gl.glRotated(-location.getLatitude().getDegrees(),0,1,0);
DoubleBuffer eqn1 = BufferUtils.createDoubleBuffer(8).put(new double[] {1,0,0,eRad+1000});
eqn1.flip();
gl.glClipPlane(GL.GL_CLIP_PLANE0, eqn1);
gl.glEnable(GL.GL_CLIP_PLANE0);

gl.glPushMatrix();
try
{
gl.glRotated(-location.getLongitude().getDegrees(),1,0,0);
gl.glRotated(location.getLatitude().getDegrees(),0,1,0);
gl.glTranslated(centrePoint.getX(), centrePoint.getY(), centrePoint.getZ());
gl.glColor3f(1.0f, 0.0f, 0.0f);
GLU glu = dc.getGLU();

}
finally
{
gl.glPopMatrix();
}
}
finally
{
gl.glPopAttrib();
}
}

``````

… What have you used to to draw this figure?
I used a geometric modeling/animation package called ‘modo’ to draw my spheres. You could think of it as using a CAD package. So that’s not going to be of use to you since you are working in OpenGL.

… in your figure,the flattened sphere is close to my requirement. But the rounded edges seem inappropriate to me, if I am cutting a sphere by a plane why should I get rounded edges?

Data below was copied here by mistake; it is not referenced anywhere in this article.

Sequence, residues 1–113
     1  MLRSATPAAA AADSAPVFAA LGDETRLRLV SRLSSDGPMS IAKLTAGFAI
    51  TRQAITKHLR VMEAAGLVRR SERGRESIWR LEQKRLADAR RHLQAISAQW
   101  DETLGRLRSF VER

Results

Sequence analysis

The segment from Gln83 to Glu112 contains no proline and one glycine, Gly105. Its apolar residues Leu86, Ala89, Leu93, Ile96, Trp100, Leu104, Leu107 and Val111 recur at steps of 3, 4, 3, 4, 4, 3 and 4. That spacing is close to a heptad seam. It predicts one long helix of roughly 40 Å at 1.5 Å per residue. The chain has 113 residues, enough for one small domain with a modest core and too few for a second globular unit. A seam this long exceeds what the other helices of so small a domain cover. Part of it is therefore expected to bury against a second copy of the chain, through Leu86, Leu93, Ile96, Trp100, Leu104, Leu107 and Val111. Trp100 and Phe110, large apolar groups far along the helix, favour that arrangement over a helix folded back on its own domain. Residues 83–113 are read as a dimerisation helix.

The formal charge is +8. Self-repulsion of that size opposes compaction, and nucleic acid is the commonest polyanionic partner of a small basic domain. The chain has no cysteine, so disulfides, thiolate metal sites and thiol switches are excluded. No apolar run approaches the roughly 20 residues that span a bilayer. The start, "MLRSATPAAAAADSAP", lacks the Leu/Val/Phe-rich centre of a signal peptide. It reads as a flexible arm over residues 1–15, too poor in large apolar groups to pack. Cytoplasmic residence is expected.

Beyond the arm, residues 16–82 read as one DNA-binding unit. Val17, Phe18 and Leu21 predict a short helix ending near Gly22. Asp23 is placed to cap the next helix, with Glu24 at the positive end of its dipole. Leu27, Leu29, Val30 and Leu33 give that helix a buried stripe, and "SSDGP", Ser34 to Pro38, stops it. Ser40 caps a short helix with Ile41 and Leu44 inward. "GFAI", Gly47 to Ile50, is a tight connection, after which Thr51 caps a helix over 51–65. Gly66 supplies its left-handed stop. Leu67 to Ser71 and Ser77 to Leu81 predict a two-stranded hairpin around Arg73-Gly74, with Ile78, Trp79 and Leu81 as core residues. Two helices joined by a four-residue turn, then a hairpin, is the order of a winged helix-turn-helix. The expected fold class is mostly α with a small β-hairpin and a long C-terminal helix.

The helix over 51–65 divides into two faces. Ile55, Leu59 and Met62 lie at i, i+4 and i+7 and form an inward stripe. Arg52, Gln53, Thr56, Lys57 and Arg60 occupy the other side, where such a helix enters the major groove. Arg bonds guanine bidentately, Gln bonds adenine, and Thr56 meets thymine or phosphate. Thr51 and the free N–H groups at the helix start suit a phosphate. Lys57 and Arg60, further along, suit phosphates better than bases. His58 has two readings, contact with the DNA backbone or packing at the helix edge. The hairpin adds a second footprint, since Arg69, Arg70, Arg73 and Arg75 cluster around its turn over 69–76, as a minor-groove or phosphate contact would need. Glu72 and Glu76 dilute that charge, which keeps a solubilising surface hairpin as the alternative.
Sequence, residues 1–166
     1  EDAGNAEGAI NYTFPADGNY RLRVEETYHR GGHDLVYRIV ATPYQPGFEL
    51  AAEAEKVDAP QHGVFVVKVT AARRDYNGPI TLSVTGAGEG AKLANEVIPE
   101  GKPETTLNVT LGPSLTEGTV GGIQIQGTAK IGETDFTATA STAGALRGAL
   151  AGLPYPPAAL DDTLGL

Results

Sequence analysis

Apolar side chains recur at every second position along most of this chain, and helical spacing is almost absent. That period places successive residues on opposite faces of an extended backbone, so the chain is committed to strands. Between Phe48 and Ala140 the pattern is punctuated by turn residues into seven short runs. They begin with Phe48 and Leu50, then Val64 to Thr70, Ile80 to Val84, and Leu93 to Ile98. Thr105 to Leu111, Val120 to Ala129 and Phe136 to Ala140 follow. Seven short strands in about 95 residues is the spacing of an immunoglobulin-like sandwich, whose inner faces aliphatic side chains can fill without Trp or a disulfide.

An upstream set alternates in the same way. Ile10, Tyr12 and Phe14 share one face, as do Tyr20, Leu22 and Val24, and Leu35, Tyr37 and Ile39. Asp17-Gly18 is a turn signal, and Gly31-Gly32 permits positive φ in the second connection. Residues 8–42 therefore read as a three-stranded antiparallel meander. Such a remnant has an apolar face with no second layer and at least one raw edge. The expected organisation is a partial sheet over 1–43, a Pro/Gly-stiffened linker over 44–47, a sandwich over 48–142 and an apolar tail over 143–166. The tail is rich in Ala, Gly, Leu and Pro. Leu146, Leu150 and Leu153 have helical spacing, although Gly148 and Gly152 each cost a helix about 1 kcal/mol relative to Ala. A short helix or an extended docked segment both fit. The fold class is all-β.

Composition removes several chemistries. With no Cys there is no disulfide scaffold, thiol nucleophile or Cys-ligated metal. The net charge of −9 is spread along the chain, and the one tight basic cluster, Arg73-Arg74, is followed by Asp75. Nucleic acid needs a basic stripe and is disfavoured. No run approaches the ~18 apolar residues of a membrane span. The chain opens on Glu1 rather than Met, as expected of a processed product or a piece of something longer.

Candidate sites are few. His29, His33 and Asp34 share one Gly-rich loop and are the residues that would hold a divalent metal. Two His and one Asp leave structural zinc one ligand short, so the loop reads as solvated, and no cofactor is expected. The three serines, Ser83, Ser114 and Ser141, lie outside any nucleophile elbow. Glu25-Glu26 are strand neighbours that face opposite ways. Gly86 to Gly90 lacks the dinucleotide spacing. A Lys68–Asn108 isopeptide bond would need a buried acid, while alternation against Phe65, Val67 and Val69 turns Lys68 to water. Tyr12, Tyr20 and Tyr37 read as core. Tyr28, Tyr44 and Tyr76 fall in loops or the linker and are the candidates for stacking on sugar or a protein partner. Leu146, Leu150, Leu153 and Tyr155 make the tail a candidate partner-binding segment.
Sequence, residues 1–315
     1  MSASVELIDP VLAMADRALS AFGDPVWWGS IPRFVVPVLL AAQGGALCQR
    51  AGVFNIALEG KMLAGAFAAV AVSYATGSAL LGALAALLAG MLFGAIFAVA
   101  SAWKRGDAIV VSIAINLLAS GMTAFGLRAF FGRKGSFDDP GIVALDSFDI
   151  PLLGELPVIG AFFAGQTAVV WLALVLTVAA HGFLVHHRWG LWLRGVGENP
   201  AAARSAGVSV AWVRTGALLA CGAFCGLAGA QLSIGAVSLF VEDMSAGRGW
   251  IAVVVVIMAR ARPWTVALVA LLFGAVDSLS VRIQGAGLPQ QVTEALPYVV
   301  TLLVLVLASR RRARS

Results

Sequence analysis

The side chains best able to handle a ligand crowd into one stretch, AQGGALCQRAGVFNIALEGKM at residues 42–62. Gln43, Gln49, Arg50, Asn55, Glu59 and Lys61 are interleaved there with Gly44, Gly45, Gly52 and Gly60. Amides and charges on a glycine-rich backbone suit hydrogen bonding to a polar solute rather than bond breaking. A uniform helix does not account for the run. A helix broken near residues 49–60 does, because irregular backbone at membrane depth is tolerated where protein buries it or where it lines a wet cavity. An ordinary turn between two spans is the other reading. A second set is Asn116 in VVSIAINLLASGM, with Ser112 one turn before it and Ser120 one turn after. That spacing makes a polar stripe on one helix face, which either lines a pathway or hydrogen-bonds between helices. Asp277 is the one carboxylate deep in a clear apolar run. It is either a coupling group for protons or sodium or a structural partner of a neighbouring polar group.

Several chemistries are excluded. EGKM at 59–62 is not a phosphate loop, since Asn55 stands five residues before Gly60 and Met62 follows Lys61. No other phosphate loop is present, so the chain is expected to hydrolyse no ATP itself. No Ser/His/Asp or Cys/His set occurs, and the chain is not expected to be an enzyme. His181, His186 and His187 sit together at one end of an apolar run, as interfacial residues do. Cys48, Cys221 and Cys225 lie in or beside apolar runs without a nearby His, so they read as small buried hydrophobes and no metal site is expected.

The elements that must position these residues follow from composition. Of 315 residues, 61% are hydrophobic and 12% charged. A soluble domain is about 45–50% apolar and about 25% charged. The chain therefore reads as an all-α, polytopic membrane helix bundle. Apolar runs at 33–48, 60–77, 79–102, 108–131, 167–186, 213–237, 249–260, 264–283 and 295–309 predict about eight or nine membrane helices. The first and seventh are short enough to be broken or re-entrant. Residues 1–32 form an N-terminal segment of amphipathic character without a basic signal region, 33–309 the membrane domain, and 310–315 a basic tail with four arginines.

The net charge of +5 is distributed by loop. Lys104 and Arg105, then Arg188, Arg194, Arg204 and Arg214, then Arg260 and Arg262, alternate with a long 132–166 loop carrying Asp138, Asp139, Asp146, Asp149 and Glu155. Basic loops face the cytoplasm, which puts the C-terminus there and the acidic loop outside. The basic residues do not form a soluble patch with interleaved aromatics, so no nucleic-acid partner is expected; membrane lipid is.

I used rounded edges on the flattened sphere because it looked like that’s what was used in the images you posted. It’s actually easier to do it with sharp edges. Would be helpful if you posted a picture showing where you stand now. You realize that simply clipping a sphere will leave a hole as in shown in my figure. You’re going to need to find a way to plug that hole.

Also, if you ‘cap’ a clipped sphere with a filled in circle, the cap will not be a surface of constant altitude. Ideally, the clipped sphere should be capped with a section of a sphere centered at the center of the earth.

At the moment I am trying to at least clip my sphere in any manner, will correct it if it does not cap but it should at least clip or have any effect on my sphere.

For that I need to be sure about my plane if its defined correctly.

I am currently able to draw a hemisphere at the position I translated to. Don’t have a picture as I am at client’s location with restricted access.

Please verify if the rotation and plane equation in the code below is correct according to the requirement:

``````
gl.glRotated(location.getLongitude().getDegrees(),1,0,0);
gl.glRotated(-location.getLatitude().getDegrees(),0,1,0);